More than 100 years after his death, Pierre-Auguste Renoir is still recognized worldwide for his intimate portraits, dreamy landscapes, and depictions of nude bathers. (Despite this, recent protests at various institutions claim that “Renoir sucks.”)  Though the artist began his career as an obscure painter of porcelain, Renoir was well-known by the early 20th century, and today he is celebrated for his highly original fusion of traditional painting styles and more outré ones derived from Impressionism, the late-19th-century movement with which he is associated. The guide below traces some of the key developments in the artist’s life and career, as well as some of his standout paintings.

In his youth, Renoir worked as a porcelain painter.
Born in 1841 in Limoges, a city southwest of Paris, Renoir earned money for his family as a porcelain painter when he was a young man. Honing his talents by copying artworks that hung … Read the rest

On Tuesday, Philadelphia-based auction house Freeman’s sold Viennese artist Carl Moll’s White Interior (1905) for a record-breaking $4.75 million during its European art and Old Masters sale, which brought in a collective $6.4 million.

The result for the Moll painting marks the highest price achieved for a single lot in the house’s history, surpassing the $3.1 million paid for a Chinese vase in 2011, and Tuesday’s sale is now the biggest auction ever held at Freeman’s. White Interior also bested Moll’s previous record of $385,700, paid for a landscape by the artist at Austrian auction house Dorotheum in 2007.

The record-setting painting, which depicts art critic Berta Zuckerkandl-Szeps in her Döbling apartment in an all-white palette, surfaced on the market after more than a century of being held privately. It came from a German family collection, having passed through inheritance to the California-based heir of the original owners, where it … Read the rest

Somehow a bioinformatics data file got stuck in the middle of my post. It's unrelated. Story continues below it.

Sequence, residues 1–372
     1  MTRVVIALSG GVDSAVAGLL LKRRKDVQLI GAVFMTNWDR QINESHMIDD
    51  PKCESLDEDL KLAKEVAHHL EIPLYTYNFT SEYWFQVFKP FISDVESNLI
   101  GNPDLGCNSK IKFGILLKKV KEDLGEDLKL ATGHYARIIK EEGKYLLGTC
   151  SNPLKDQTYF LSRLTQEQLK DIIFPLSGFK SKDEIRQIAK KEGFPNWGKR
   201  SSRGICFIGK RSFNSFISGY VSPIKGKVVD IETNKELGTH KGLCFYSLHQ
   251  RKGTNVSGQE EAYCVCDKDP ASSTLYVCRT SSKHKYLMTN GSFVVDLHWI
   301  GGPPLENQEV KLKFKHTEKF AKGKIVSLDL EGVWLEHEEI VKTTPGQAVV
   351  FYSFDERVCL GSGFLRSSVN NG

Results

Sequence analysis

For its first New York sale of 2021, Phillips’s live ‘New Now’ auction will feature 188 works by in-demand emerging artists such as Matthew Wong, Joy Labinjo, Lucas Arruda, Eric Parker, and Vaughn Spann. Scheduled to take place on March 3, the sale is expected to fetch $3.8 million.

Headlining the mid-season contemporary art sale is Wong’s Lotus (2017), an orange and blue landscape that is estimated to reach $600,000. The late painter’s market remains strong following his auction debut at Sotheby’s in June, and has seen continuously escalating auction prices, particularly for his oneiric landscapes. His 2018 landscape Coming of Age sold at Christie’s this past December for $1.6 million, there times its low estimate of $500,000.

Phillips, which is known for its focus on rising talents, will offer works by artists who have yet to be seen at auction in the “New Now” sale this March. Those making … Read the rest

Art history actually began as biography when Giorgio Vasari published his Lives of the Most Excellent Painters, Sculptors, and Architects in 1550. Eventually, however, the two genres parted ways, with the former evolving into an academic discipline and the latter becoming the more popular avenue for learning about art. Most artist biographies tend to focus on famous names, for a reason as simple as it is self-perpetuating: Even if you don’t know much about Picasso’s work, for example, you’ve probably heard of him, which makes it more likely that you’d pick up a book about him. Still, writers often find lesser-known artists to be just as fascinating as their more canonical cohort—and ultimately, that matters just as much as, if not more than, name recognition. Whatever the case, a good artist biography makes for compelling reading, as you’ll see in our list of recommended titles. (Price and availability current at … Read the rest

In Calida Rawles’ world, Black bodies rise through sunlight and waves. The Los Angeles–based artist has earned widespread recognition for her exacting, ethereal depictions of water. Fittingly, Rawles’s work appeared on the cover of Ta-Nehisi Coates’s debut novel The Water Dancer in 2019. In her painting, a Black man is submerged in water. His arms are outstretched and curved like wings. The quiet of the image belies a formative point of the conflict: the protagonist, an enslaved man named Hiram Walker, is indelibly changed by the memory of his near-drowning in a carriage accident.

Of her work, Rawles said, “I’m trying to capture the figure in a pause, in the split seconds that your eye can’t always pick up, which is really intimate.”

Partly because of her work’s prominent placement on The Water Dancer‘s jacket and partly because her fan base includes figures like luminaries like Coates and painter … Read the rest